Figure 2. Evolution of yield and quality attributes for a monoclonal antibody (mAb) A over 50 cycles on the flowthrough FT-FT platform. HCP is host cell protein.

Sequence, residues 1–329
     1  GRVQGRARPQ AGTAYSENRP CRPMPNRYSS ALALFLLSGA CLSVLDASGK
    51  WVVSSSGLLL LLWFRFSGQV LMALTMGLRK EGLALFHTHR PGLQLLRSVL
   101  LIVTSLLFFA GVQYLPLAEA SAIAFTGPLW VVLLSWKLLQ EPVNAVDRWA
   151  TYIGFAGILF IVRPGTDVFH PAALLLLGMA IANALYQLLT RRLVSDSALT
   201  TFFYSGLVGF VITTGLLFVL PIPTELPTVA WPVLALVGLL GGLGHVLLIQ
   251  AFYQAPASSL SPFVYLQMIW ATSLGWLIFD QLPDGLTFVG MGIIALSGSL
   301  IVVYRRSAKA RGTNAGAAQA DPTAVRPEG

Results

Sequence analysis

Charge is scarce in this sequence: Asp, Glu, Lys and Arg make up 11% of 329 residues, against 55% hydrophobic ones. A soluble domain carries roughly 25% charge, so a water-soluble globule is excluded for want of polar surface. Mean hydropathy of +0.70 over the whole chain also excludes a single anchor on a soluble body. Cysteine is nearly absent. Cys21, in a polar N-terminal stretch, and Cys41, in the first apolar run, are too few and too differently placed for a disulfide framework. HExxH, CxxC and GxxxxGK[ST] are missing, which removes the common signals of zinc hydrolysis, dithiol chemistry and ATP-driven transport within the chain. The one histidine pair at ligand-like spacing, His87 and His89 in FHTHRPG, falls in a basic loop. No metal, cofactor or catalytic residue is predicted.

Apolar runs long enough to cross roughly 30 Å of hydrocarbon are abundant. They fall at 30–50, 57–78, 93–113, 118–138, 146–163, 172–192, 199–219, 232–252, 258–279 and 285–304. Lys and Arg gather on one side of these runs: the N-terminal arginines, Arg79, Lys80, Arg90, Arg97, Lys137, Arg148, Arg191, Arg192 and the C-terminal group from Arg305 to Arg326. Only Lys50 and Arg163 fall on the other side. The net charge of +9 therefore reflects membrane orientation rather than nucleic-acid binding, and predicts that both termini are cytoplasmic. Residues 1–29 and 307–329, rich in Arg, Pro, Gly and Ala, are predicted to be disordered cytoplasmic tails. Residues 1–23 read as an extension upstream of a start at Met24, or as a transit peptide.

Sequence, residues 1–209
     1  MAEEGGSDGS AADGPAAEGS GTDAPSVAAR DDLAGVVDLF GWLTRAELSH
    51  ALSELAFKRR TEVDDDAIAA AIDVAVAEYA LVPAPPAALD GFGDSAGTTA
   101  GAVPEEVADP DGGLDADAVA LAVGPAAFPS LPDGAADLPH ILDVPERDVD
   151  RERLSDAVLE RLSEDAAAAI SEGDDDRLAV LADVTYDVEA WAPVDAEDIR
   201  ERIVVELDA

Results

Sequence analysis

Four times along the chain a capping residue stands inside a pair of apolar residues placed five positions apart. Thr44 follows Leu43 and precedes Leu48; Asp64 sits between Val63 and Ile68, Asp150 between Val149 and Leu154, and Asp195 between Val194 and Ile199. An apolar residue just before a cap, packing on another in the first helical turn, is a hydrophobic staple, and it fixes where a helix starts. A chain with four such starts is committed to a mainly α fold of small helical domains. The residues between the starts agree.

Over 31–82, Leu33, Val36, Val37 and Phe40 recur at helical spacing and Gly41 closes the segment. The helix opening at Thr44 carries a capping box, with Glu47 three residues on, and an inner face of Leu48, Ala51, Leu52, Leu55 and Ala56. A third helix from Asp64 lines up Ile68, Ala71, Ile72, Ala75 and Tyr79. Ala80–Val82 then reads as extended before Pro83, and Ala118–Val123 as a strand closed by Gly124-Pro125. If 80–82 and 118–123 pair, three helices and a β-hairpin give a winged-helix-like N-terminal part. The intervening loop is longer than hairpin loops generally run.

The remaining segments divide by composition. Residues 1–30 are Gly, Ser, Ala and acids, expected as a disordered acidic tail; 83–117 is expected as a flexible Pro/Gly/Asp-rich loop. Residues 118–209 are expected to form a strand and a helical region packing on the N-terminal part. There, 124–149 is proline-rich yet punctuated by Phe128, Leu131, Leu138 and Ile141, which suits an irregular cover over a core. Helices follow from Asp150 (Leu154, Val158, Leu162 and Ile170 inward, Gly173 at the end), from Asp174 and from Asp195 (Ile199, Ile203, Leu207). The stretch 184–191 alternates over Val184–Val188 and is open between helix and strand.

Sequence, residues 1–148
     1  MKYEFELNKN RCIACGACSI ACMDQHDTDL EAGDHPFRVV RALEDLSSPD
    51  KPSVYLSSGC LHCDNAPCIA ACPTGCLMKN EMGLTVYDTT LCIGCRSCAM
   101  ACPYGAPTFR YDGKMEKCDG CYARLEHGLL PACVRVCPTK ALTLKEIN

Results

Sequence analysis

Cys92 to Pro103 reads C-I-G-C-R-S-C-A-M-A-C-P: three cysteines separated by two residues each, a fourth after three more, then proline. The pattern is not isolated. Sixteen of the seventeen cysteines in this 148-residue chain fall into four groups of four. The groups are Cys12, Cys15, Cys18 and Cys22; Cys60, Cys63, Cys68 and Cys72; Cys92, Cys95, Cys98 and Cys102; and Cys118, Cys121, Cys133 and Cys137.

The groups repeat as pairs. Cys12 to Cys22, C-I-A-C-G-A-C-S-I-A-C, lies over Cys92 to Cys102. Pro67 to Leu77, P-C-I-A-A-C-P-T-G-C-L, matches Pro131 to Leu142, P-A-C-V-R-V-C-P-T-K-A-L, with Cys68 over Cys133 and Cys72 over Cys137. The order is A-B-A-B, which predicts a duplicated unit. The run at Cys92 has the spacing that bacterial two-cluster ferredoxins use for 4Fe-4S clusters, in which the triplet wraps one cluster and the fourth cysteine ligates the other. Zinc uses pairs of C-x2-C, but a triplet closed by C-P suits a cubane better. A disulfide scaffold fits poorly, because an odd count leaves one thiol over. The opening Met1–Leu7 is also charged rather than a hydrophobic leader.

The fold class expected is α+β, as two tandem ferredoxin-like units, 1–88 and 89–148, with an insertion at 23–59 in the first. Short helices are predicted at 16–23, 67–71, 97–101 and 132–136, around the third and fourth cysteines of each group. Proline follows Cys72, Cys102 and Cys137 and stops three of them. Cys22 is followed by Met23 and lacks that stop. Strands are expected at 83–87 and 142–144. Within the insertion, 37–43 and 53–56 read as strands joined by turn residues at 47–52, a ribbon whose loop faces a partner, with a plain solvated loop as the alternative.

A proof of concept combining a Protein A capture in multicolumn system mode with a FT-FT platform as described previously demonstrated the following results. The multi-column process involved three columns of 5 mL loaded at a capacity of 62 g/L, with an elution every 26 minutes. The FT-FT platform used two columns of 5 mL loaded up to 400 g/L, consequently several Protein A elutions had to be pooled to performed one FT-FT cycle. This intermediate storage facilitates the implementation of a classical low pH inactivation, without impacting the process performance. The process was run on 20 cycles of Protein A with five cycles of polishing platform, demonstrating a good stability and a global yield of 78%. With such an approach, estimations show that the productivity could be improved up to 25 gmAb.h-1.Lresin-1, versus 3 gmAb.h-1.Lresin-1 for the traditional process including a monocolumn Protein A step associated with a bind-and-elute step, an intermediate storage and a flowthrough step.